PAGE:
Learn to Play Soccer!

I Want to Learn to Play Soccer

Your 5-year old child comes home from school and informs you that she wants to play soccer with her friends. After talking with other parents, you discover that the local indoor soccer league in Aurora and Naperville will start in four weeks. This time-frame will allow you the chance to introduce the game to her.

How do you assess her current skill level to determine areas of strength and weaknesses?

Does this youth league provide soccer training for novices like Wheatland Athletic Association’s Feet First Soccer , a co-ed program for toddlers and preschoolers to experience an introduction to soccer through the use of engaging, developmental activities and training equipment?  Or even a more advanced program like WAA’s Pro Academy Soccer that is designed to teach young players (5-10 years old) the fundamentals of soccer in a fun and exciting environment. Fundamental skills such as dribbling, shooting, passing and goal keeping is taught, with an emphasis on skill development and ball control.

Four Pillars of Coaching Soccer

You do some research and discover various recommendations on skill developments. All the sources point to four pillars for coaching. These pillars provide a guideline on what soccer training is needed to help players master the game. The pillars are:

Pillar #1: Technical Skill Development

  • Ball Control – receiving, passing, second touch
  • 1 v 1 moves
  • Shooting
  • Defending

Pillar #2: Tactical Development

  • Learn positional roles
  • Essential game elements
  • Recognize other team’s tactics

Pillar #3: Physical Development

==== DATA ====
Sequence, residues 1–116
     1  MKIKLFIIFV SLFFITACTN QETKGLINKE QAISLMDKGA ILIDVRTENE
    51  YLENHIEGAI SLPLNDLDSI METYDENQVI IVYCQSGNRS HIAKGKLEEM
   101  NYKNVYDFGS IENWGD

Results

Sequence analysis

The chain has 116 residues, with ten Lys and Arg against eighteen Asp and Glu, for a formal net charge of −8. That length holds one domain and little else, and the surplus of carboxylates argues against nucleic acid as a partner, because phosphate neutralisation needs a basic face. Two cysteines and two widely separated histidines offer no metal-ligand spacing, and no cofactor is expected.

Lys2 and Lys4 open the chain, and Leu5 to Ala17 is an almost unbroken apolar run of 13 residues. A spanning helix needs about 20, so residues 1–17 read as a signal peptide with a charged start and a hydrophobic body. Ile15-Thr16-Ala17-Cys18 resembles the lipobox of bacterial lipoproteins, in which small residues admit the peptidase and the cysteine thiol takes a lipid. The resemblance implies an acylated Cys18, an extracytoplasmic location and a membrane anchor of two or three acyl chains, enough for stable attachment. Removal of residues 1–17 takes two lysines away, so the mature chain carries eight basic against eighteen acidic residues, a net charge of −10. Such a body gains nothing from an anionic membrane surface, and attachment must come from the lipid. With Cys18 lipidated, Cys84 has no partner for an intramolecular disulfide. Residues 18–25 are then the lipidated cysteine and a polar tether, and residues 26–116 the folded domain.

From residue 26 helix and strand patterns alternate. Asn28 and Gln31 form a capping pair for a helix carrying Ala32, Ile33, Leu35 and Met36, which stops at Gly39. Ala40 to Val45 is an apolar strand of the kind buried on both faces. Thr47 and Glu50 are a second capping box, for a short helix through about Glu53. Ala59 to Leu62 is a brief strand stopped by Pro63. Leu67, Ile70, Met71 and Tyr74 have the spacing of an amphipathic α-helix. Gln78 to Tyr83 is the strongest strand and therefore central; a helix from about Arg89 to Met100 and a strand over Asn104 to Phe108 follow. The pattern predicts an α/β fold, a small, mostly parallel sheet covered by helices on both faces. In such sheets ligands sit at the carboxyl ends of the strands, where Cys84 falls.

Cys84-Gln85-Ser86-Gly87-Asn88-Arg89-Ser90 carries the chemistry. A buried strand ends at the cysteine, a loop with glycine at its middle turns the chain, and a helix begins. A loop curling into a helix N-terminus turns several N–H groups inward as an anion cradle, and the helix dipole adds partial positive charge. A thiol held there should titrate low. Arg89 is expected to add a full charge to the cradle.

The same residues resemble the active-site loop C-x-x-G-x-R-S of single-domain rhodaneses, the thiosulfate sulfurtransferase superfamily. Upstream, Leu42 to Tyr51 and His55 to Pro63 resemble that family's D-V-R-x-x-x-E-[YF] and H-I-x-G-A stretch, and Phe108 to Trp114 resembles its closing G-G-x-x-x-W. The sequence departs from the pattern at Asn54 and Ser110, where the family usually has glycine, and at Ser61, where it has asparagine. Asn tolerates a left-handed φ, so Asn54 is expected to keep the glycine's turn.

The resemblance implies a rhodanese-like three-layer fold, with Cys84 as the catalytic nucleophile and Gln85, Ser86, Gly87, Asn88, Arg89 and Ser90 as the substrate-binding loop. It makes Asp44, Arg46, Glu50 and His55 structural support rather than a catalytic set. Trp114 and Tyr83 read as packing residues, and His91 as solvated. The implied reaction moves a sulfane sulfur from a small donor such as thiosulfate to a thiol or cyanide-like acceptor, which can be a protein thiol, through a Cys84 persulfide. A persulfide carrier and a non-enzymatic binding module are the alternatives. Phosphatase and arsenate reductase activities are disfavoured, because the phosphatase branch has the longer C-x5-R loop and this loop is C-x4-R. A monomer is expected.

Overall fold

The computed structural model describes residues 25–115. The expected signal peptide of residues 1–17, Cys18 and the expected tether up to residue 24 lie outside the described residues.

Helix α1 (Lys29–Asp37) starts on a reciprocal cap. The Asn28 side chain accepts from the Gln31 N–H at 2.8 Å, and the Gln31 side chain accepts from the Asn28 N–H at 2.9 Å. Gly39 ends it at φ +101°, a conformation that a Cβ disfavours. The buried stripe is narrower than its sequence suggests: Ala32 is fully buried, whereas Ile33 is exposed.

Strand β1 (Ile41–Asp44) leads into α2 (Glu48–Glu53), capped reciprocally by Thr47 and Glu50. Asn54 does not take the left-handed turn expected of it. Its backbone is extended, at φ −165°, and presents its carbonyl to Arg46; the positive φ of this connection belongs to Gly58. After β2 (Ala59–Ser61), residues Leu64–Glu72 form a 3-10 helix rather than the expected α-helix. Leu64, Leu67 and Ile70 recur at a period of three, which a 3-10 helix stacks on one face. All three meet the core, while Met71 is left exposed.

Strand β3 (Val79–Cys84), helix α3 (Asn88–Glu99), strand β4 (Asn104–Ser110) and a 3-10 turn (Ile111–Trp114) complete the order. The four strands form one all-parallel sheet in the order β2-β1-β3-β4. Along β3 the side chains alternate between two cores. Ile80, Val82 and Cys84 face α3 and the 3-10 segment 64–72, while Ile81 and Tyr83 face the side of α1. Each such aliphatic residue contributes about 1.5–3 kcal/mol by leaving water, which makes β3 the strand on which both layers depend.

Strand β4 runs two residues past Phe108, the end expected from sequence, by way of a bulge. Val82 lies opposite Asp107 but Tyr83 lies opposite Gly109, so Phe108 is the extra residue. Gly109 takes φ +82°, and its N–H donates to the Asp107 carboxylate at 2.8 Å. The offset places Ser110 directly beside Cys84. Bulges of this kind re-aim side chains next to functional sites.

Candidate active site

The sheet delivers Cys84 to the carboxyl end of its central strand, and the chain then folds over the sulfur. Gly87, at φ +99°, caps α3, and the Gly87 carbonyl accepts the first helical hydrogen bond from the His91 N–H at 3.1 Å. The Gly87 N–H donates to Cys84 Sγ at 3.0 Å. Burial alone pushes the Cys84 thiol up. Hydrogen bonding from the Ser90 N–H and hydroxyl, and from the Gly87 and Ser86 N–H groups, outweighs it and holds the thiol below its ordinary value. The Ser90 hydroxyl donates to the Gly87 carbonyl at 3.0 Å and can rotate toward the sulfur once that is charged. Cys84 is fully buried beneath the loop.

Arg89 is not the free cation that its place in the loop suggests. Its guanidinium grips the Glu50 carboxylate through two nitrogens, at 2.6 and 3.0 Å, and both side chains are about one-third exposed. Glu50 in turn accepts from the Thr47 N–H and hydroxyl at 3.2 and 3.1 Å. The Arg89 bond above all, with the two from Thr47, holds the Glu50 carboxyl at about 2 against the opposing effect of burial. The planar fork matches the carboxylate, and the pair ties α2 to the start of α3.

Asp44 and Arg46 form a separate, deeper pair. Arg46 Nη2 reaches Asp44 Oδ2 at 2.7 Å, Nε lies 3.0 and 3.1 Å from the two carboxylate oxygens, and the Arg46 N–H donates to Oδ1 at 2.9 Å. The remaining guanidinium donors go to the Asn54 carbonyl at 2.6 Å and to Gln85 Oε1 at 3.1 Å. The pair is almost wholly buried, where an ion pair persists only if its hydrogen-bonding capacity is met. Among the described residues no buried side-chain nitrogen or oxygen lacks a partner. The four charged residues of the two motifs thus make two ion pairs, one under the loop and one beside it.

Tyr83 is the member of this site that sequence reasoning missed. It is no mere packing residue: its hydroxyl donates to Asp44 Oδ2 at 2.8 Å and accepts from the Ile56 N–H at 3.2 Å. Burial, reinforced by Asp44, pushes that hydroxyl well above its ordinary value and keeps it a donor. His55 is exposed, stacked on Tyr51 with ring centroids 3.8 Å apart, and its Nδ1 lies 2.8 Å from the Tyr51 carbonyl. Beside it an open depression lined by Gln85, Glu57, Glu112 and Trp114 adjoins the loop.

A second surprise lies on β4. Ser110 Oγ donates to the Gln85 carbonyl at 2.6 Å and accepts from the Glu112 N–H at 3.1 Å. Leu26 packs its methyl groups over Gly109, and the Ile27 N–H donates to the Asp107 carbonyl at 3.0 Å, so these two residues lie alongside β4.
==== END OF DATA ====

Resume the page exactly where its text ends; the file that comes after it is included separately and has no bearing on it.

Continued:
• Speed
  • Endurance
  • Strength
  • Agility
  • Flexibility

Pillar #4: Mental Development

  • Focus
  • Concentration
  • Confidence
  • Decision Making
  • Team Environment

Top Six Skills Needed to Succeed

Based on the coaching pillars, the skills your daughter need to succeed are:

  1. Dribbling – can she use both feet to move the ball along as she is running?
  2. Passing – can she accurately pass the ball to another player? Does she use both feet? Or primarily depends on the strong foot? Can she pass the ball with pace? Or has trouble hitting the target?
  3. Receiving – can she comfortably receive a pass? Or does she fumble the pass several times before gaining control?
  4. Shooting – does she use both feet to shoot? Or does she revert to dominate foot? Is she comfortable shooting from all spots in the penalty area? Or does she has to go to a particular spot prior to shooting?
  5. Spacing and Transition – does she understand how spacing helps her pass the ball better? Does she recognize when to play defense? Does she just chase the ball or deny passing lanes to open players?
  6. Attitude – does she really want to play soccer? Is she enjoying herself?

Conclusion

After your initial assessment, you can determine how to handle your daughter’s soccer training. If additional training is needed, your local youth soccer association Wheatland Athletic Association can recommend potential trainers. Remember, she does not have to be the second coming of Alex Morgan or Abby Wambach at this point. You just want a baseline of her skill set and develop an action plan to help her improve.

The overall objective is two-fold: (1) learn the fundamentals of and (2) enjoy playing the game. You want your daughter to stick to an activity no matter what it is (indoor soccer, basketball, or softball).

Her being happy goes a long way in achieving this goal!

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